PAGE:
The dynamic nature of senescence in cancer

Abstract

Cellular senescence is implicated in physiological and pathological processes spanning development, wound healing, age-related decline in organ functions and cancer. Here, we discuss cell-autonomous and non-cell-autonomous properties of senescence in the context of tumour formation and anticancer therapy, and characterize these properties, such as reprogramming into stemness, tissue remodelling and immune crosstalk, as far more dynamic than suggested by the common view of senescence as an irreversible, static condition.

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Fig. 1: Global and focal chromatin remodelling in senescence.
Fig. 2: Cytoplasmic deregulation of proteostasis and secretion.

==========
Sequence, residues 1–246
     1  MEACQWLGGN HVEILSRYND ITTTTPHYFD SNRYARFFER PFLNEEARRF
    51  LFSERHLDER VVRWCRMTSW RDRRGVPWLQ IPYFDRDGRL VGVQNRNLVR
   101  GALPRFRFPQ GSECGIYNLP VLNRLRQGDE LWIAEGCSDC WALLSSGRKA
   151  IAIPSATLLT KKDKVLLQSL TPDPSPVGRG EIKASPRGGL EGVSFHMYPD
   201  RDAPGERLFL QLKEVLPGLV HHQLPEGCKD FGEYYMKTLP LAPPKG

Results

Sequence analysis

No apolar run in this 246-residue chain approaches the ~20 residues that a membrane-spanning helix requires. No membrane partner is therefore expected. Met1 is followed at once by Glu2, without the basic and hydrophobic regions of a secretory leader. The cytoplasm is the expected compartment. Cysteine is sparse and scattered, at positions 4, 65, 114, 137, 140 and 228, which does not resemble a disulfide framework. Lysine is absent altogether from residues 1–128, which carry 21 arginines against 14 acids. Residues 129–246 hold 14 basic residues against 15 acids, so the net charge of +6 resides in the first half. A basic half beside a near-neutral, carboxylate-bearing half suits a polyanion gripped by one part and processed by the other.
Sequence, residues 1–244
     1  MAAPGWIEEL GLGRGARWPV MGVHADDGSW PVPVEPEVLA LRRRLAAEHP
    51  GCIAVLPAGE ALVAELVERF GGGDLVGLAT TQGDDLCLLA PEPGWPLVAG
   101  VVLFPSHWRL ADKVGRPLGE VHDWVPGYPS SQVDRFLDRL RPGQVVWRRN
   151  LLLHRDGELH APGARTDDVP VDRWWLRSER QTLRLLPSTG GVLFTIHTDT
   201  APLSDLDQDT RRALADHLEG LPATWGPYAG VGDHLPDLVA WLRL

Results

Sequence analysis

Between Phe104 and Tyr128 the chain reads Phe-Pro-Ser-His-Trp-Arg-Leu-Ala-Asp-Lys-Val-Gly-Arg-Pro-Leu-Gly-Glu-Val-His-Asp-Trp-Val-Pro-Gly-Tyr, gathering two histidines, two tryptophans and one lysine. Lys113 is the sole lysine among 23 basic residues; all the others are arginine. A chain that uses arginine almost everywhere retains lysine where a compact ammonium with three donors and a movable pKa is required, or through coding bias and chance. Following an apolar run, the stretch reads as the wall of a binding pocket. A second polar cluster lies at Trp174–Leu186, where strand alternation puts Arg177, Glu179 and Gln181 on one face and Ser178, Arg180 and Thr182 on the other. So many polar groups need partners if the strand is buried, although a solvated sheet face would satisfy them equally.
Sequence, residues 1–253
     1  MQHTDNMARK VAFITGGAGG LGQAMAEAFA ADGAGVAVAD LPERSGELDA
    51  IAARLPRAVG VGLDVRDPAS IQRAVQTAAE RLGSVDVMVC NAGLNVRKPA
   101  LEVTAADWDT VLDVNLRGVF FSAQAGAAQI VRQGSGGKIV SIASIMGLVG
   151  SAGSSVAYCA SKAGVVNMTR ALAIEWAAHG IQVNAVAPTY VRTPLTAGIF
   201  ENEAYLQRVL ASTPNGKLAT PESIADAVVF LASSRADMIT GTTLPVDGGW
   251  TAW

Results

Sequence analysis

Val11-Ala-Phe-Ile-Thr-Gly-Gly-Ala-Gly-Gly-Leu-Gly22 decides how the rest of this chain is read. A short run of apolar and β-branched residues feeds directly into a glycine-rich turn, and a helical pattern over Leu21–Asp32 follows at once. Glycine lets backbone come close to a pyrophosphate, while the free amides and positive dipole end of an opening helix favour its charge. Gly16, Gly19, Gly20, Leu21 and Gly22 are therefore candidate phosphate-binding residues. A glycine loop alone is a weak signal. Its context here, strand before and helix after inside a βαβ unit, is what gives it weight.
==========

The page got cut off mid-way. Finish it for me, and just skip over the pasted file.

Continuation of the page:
Fig. 3: Environmental crosstalk following senescence induction by oncogenes or anticancer therapy.
Fig. 4: The in vivo dynamics of various aspects of senescence in cancer control and progression.

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Acknowledgements

This work was supported by grants to C.A.S. from the Deutsche Forschungsgemeinschaft (SCHM 1633/9-1 and SCHM 1633/11-1), by the Helmholtz Alliance ‘Preclinical Comprehensive Cancer Center’ grant (no. HA-305) from the Helmholtz Association and by the Deutsche Krebshilfe (grant no. 110678). This work was further made possible by the Berlin School of Integrative Oncology (BSIO) graduate program, funded within the German Excellence Initiative and the German Cancer Consortium (GCC), to S.L. and C.A.S.

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Correspondence to Clemens A. Schmitt.

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Lee, S., Schmitt, C.A. The dynamic nature of senescence in cancer. Nat Cell Biol 21, 94–101 (2019). https://doi.org/10.1038/s41556-018-0249-2

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